When I met Jeffrey Brown, I thought he was a little crazy. He told me his high-school aged daughter had brought home a copy of SOLD, that he’d stayed up all night reading it, and that he was going to make it into a movie. Years have passed since then, years and a hundred doors that were shut in his face as he tried to secure funding. Eventually, he and his partner, Jane Charles, met a dozen women in Seattle, women who were interested in fighting trafficking, but who didn’t want to fund another program or another shelter. They wanted to spread the word about trafficking all over the world. Largely through the generosity of the “SOLD Sisters” and Jeffrey’s undying persistence, the film starts shooting today. I consider this a miracle – a miracle of generosity, tenacity and hope. Here is a proof of that miracle: a photo of the location he and Jane found for Lakshmi’s house.
In this weekend’s New York Times, Joyce Carol Oates, when asked about her favorite young adult novels, described a “radically extended sense of what ‘young adult’ literature can be.” She then went on to list “Huckleberry Finn,” (published in 1884) “The Call of the Wild,”(1903) “The Member of the Wedding,” (1946) “To Kill a Mockingbird, “(1960) “The Catcher in the Rye” (1951), and “Lord of the Flies.” (1963)
All wonderful books. But all written before the existence of the personal computer, the video game, the ATM, or Ritalin.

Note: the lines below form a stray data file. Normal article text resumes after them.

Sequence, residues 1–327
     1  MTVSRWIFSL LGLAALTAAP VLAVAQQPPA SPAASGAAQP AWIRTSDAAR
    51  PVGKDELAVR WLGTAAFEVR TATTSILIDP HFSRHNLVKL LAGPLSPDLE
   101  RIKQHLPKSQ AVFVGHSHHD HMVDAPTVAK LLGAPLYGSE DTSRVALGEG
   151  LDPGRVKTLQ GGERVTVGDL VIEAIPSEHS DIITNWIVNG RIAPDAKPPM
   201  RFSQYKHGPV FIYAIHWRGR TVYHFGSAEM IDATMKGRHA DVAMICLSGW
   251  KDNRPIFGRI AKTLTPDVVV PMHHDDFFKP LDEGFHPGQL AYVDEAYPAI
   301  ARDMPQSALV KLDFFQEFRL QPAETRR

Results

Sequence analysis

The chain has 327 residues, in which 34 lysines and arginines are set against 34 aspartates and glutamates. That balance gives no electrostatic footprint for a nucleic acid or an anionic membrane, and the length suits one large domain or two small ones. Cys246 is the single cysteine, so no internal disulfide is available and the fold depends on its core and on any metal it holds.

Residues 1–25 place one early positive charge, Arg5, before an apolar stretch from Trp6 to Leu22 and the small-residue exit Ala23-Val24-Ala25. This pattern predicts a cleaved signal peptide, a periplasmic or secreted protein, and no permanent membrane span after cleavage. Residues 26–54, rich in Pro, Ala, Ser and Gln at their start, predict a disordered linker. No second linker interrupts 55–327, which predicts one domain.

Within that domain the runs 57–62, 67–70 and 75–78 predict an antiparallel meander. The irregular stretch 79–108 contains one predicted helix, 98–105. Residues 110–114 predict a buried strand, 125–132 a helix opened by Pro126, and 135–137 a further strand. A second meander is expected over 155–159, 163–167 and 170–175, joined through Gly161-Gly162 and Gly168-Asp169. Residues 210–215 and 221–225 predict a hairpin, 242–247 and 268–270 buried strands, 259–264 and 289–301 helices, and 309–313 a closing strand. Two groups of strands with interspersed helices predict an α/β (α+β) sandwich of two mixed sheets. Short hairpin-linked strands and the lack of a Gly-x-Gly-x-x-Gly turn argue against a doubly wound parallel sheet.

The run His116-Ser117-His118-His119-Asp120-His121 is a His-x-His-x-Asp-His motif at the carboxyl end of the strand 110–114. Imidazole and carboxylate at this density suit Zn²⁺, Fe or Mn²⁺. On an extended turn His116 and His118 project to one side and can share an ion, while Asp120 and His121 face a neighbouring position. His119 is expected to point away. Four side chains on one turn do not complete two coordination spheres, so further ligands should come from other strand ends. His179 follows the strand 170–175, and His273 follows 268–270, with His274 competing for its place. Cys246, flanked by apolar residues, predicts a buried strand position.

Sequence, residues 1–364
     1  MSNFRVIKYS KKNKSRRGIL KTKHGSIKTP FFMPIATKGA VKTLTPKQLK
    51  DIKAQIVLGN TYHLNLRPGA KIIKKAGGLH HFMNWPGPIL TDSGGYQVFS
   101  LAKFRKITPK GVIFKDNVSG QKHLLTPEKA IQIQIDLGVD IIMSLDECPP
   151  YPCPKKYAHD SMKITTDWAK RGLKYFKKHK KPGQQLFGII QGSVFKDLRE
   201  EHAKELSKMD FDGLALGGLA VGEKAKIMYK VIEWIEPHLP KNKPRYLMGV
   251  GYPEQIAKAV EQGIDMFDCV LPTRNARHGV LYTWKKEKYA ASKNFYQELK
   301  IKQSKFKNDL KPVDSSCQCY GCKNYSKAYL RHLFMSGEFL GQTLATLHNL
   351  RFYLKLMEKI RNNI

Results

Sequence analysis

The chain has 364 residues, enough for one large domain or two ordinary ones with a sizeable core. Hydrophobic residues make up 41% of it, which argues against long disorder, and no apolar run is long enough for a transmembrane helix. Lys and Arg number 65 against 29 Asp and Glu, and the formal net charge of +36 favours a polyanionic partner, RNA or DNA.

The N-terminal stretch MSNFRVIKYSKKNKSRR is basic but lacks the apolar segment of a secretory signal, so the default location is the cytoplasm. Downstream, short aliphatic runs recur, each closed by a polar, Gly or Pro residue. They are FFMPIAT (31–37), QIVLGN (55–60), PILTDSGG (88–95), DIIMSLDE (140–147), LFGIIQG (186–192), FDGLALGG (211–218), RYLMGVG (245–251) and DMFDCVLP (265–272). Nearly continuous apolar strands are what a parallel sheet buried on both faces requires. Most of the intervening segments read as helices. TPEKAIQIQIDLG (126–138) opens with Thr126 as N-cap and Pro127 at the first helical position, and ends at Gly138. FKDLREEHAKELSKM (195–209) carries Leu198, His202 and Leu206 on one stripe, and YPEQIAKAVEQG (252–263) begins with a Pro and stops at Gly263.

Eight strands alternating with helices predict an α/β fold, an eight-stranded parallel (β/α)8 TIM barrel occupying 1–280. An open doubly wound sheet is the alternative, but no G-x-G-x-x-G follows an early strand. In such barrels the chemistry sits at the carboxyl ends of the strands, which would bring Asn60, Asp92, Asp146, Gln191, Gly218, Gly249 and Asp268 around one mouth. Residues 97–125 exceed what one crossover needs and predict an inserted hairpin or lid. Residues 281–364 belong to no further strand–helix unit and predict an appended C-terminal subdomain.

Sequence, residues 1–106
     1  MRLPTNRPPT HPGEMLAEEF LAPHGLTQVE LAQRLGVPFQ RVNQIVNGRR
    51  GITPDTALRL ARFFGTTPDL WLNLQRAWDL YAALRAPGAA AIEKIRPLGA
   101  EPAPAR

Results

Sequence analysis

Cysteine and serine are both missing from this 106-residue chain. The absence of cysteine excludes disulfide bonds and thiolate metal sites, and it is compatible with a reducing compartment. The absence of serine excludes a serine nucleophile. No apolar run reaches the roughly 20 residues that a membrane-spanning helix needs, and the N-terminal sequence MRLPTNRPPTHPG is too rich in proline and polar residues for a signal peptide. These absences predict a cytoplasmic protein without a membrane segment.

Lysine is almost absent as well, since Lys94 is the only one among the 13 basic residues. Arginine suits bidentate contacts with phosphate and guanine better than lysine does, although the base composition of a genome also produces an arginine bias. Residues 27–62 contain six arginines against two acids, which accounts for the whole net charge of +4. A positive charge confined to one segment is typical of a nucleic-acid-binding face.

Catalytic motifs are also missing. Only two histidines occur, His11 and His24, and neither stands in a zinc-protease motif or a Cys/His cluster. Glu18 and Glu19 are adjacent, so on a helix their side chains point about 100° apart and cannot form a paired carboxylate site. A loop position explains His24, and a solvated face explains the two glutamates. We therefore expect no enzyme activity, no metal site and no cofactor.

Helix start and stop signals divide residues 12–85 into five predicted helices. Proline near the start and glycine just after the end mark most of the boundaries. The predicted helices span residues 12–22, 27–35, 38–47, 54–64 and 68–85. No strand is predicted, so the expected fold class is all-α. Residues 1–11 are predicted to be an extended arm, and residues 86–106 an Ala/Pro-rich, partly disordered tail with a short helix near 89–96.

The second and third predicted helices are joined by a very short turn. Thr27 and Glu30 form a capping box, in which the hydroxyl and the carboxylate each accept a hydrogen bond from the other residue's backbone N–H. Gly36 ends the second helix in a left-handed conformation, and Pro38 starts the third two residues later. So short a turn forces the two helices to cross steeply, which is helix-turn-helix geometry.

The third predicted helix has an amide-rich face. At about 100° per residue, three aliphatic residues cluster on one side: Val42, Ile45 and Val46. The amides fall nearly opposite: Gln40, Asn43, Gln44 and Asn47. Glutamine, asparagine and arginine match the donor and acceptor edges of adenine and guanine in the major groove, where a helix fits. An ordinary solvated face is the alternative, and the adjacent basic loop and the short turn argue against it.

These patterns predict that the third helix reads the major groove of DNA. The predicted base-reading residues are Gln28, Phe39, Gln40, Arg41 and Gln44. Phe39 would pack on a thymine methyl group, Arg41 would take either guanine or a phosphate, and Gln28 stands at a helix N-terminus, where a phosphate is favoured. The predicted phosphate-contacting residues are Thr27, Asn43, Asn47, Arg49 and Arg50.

Before the widespread use of the birth control pill.
Before the Beatles appeared on Ed Sullivan.
Before the voting age was lowered to 18.
Before Martin Luther King Jr. gave his “I Have a Dream” speech.
Before AIDS, Facebook, or the Stonewall riots.
Surely it’s not too radical to suggest that Ms. Oates read a few books written in the past 50 years.
For one of this country’s leading writers and intellectuals, it was a shockingly obvious and lazy choice of books. And for someone of her stature, it was a missed opportunity to be generous to her fellow (contemporary) young adult writers.
It’s been a while since Joyce Carol Oates was a young adult. Cherry Ames was still a student nurse and Nancy Drew was driving her Roadster. But surely, since then she’s heard of Markus Zusak, Carolyn Coman, and John Green.
Then again, maybe not. After all, she’s the one who said that young adult fiction “is just stripped-down adult fiction with more dialogue and less description.”